The former is the straw man I think. I belong to the latter. I have absolutely no idea what the world would look like if everyone was free to solve their own problems. That’s the adventure of humanity. I just know it would look like the work of humans rather than the work of an elite group of tyrannical humans.
    So the ABC joining a conversation on “market forces”? All they can ask is “will the market produce the same outcomes as we are trying to produce?” They won’t understand any other question.
    The market isn’t trying to do anything. It can’t fail. It is just a place where individuals try to do stuff. And who cares if they fail?

  16. daddy dave

    Where’s the market failure?
    ABC doesn’t produce any newspapers so how can it be competing with News Limited papers, or addressing the dominance of Murdoch in newspapers?

    The ABC competes with non-ABC television stations, non-ABC radio stations and non-ABC websites. When their competitors go broke and shut down, then we can talk about market failure. But it seems to me that the areas that the ABC is in, there’s no market failure.

    All this talk of countering Murdoch is a distraction.

  17. Deb Cameron is definitely ABC Sydney’s resident lefty, kind of playing the same position in the ABC Sydney stable as Bob Brown does in the Labor-Greens-Independents Coalition. Examples of egregious ABC left-wing bias are rare but if right-wingers want to kick a stink up about that issue in the future, then they would be wise to listen to a couple of hours of Cameron. Some of the issues she’s grumbled about –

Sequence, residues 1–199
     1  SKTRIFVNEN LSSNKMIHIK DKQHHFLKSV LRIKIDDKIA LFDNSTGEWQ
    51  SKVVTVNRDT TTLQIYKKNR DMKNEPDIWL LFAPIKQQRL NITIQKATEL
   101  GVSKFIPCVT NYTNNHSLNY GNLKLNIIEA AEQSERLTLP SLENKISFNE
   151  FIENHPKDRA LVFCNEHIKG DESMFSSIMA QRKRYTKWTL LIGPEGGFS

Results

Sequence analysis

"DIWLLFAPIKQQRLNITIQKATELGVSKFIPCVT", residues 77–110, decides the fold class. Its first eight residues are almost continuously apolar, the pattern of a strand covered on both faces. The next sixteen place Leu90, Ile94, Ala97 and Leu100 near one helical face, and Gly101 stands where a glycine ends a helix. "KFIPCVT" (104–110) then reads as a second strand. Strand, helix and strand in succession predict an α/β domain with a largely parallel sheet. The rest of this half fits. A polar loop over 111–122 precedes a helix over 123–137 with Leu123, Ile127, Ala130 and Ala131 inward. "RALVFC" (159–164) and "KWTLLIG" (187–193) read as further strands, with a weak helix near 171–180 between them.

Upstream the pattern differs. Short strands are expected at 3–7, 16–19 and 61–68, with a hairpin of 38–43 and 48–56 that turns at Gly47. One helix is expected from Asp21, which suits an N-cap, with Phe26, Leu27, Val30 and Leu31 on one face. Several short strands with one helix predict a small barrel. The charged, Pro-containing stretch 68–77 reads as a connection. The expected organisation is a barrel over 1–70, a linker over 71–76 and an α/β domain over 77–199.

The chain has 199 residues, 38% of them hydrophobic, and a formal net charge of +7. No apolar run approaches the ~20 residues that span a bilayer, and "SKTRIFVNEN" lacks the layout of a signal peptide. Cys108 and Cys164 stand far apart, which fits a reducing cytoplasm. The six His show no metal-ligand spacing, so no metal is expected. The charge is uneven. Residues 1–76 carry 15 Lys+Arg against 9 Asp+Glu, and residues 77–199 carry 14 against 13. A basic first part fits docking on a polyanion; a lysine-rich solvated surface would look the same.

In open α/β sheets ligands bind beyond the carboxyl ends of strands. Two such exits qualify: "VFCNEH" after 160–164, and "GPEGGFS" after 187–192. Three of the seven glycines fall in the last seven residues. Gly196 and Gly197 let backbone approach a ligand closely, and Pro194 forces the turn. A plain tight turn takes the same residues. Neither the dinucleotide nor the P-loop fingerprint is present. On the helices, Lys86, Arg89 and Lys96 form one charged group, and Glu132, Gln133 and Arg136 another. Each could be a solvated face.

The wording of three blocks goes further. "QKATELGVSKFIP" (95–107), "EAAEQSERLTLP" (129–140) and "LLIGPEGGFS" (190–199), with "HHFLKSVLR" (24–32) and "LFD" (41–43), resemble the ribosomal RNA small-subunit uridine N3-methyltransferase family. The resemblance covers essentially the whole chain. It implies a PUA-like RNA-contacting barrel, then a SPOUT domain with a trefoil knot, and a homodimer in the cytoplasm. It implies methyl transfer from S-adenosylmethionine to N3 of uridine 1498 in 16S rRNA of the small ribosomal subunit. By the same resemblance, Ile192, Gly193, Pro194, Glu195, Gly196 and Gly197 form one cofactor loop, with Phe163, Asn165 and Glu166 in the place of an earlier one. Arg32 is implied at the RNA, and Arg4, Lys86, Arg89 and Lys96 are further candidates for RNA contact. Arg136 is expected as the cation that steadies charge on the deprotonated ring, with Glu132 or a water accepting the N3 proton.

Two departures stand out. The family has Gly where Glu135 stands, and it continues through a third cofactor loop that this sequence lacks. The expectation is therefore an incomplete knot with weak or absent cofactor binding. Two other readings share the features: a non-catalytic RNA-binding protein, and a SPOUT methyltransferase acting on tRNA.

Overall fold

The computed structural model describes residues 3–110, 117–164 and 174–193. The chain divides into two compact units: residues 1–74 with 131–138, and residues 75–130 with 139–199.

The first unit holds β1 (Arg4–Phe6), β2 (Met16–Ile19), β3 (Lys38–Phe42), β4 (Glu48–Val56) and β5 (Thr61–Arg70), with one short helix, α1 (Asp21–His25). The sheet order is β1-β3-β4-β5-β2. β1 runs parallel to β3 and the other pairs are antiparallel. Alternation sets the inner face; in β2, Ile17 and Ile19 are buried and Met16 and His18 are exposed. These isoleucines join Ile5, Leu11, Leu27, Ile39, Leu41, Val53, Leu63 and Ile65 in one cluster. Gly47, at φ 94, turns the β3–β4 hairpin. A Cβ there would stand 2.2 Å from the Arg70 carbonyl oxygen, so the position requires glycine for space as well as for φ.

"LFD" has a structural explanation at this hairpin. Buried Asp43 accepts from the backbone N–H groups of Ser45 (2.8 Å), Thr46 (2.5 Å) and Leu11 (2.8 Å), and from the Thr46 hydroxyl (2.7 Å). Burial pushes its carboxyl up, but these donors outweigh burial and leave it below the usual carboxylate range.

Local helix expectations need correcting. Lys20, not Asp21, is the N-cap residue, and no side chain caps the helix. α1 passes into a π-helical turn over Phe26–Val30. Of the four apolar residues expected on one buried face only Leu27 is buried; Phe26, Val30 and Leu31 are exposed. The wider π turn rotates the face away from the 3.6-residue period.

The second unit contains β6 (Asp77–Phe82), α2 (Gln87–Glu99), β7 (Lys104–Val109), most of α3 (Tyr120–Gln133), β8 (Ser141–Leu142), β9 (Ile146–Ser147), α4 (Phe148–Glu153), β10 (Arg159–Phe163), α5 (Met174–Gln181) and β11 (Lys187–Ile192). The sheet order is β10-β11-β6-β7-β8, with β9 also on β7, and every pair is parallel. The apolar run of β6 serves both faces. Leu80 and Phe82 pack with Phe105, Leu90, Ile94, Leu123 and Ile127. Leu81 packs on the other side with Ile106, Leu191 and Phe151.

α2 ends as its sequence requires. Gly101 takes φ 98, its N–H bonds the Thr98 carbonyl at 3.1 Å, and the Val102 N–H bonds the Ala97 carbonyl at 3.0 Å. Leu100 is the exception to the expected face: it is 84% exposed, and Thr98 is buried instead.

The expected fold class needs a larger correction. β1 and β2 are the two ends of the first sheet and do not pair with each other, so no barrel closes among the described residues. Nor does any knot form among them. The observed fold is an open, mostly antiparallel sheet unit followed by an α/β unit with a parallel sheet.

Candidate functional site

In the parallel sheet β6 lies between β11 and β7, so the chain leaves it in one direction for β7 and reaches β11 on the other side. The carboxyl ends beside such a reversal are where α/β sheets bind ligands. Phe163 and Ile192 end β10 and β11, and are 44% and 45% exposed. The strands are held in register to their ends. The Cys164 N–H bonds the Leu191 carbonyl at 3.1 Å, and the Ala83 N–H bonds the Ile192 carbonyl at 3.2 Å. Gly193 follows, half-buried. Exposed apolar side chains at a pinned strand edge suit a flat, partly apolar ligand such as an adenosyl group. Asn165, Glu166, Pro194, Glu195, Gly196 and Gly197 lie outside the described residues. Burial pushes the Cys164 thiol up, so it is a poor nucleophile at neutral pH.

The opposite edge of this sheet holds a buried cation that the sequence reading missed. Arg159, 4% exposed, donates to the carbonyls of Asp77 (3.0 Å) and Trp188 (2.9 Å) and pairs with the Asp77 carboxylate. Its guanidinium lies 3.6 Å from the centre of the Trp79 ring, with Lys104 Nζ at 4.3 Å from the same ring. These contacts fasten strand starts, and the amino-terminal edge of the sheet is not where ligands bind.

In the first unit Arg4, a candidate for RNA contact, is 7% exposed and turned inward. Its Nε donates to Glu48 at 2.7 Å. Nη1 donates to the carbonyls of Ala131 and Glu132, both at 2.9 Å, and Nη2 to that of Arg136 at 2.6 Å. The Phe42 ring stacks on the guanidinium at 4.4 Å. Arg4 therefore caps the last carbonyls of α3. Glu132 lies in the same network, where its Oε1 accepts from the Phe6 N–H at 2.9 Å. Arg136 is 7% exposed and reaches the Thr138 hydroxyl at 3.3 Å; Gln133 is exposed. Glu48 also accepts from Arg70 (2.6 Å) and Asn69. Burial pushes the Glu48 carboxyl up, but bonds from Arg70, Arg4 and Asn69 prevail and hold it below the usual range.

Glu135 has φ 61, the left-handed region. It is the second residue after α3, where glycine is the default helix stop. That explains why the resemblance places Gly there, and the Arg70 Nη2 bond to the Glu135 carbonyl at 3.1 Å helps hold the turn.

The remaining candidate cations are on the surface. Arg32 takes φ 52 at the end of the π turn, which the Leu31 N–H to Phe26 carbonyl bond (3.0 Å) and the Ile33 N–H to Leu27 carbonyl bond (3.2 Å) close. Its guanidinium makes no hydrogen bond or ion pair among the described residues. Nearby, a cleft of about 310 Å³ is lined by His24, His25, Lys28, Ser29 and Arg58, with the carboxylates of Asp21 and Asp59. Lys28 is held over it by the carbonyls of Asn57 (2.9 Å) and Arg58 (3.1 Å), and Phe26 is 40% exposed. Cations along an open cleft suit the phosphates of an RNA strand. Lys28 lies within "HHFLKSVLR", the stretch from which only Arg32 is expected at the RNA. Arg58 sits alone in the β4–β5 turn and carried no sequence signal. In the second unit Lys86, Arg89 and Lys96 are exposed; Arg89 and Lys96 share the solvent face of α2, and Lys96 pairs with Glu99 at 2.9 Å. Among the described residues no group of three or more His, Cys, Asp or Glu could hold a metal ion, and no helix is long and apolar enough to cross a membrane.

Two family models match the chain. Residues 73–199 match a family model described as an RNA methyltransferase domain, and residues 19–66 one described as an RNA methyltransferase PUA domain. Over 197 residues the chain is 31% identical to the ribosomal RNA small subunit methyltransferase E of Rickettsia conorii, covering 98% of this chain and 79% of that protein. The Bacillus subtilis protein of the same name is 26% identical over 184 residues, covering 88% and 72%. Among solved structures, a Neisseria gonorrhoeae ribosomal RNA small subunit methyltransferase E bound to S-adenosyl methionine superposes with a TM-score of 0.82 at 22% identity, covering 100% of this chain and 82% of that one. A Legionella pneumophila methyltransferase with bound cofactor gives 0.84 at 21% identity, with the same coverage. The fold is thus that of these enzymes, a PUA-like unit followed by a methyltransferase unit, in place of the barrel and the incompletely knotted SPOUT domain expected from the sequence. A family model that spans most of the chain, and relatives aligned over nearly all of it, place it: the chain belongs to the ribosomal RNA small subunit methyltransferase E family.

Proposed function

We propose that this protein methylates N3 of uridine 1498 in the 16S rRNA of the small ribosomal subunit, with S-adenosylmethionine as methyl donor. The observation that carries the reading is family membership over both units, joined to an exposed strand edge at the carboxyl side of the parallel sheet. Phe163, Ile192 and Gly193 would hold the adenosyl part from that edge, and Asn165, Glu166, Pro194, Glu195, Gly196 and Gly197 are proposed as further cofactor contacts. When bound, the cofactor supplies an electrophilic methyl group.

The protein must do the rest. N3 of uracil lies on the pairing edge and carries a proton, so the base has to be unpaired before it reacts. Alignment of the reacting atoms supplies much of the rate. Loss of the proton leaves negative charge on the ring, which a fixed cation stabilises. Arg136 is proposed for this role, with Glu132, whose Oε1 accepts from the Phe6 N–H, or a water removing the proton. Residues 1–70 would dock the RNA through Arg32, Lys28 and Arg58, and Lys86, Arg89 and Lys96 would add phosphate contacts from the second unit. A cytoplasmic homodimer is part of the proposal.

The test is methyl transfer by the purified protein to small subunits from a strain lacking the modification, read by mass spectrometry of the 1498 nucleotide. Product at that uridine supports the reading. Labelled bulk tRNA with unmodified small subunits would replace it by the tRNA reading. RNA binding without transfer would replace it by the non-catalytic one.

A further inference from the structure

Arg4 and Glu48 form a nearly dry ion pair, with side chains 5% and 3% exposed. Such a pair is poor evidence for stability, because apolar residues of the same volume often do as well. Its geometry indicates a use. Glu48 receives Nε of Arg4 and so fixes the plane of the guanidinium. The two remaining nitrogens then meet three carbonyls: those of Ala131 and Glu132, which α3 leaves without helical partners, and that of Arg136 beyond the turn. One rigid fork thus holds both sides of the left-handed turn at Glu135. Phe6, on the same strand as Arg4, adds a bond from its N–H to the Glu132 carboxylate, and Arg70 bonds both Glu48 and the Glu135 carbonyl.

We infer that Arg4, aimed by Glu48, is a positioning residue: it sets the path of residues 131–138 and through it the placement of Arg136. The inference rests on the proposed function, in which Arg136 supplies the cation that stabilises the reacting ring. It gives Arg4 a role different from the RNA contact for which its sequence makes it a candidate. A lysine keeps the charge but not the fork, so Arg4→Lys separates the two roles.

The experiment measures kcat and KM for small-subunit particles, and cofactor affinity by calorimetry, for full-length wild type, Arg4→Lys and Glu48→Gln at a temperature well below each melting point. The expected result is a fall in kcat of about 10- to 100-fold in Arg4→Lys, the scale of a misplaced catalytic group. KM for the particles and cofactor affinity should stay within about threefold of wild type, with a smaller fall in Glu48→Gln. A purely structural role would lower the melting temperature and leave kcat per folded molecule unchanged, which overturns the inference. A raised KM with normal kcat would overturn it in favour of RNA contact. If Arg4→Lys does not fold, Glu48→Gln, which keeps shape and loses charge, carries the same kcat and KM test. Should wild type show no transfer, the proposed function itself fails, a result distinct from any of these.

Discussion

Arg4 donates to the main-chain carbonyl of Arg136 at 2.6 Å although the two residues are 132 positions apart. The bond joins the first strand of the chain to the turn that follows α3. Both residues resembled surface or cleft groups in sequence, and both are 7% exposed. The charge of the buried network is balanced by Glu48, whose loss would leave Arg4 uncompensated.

– Price controls on alcohol
    – Plain packaging policy for cigarettes
    – Australia Post shutting up a few of its outlets which is apparently ‘bad’ because it should be a ‘public service’.

    Definitely more. Not saying all of her arguments are necessarily bad, but if you want someone to give a stereotypically nanny-state point of view then Cameron’s that person.

  18. Tim Quilty

    If you read the left-wing blogs, or the polling blogs (but I repeat myself…) you’11 know that the ABC has an overwhelming anti-Labor bias. The “Their ABC” meme has become pervasive. While I assume this is laughable nonsense, I haven’t had a TV for over 10 years now and so I’m not in a position to be absolutely sure about it.

    However, this strikes me as an opportunity. If both the left and right are dissatisfied with the ABC, we should be able to build a grand coalition to shut it down or sell it off. Or something.

  19. Token

    The reason for the ABC becomes more ridiculous once the NBN is rolled out.

    Once every 80 year old in every postcode across this land can access every digital TV / radio station (is that 98% or 99% of locations), which location will have a market failure?

  20. JC

    The left wouldn’t agree to that, Tim. What they want is a fully operational ABC as the arm of the Greens. I say stick Andrew Bolt on at 730 and watch them squirm. Perhaps Alon Jones does Lateline.

  21. daddy dave

    If both the left and right are dissatisfied with the ABC

    Talk is cheap.
    If you try to do that, ‘revealed preferences’ will come to the surface.

  22. Token

    Growing up in regional Australia we had 1 commercial radio station & 1 commercial TV station + ABC TV & radio.

    Now every location can access all Free TV digital stations and digital radio stations, where is the market failure when people can access 20+ stations anywhere in the country?

    Add to this, with the free set top boxes, even the most disadvantaged gets access.

  23. MOnty! What in the hell are you on about? You keep bobbing up and down like a kid on a pogo stick.
    I think you and the few other followers of the ABC should band together and pay your 4cents a day to privatise it. Its probably not worth much and your mob could just about afford it. Everyone else who is tortured by it would save millions and there would be no need to endure it any longer.

  24. Token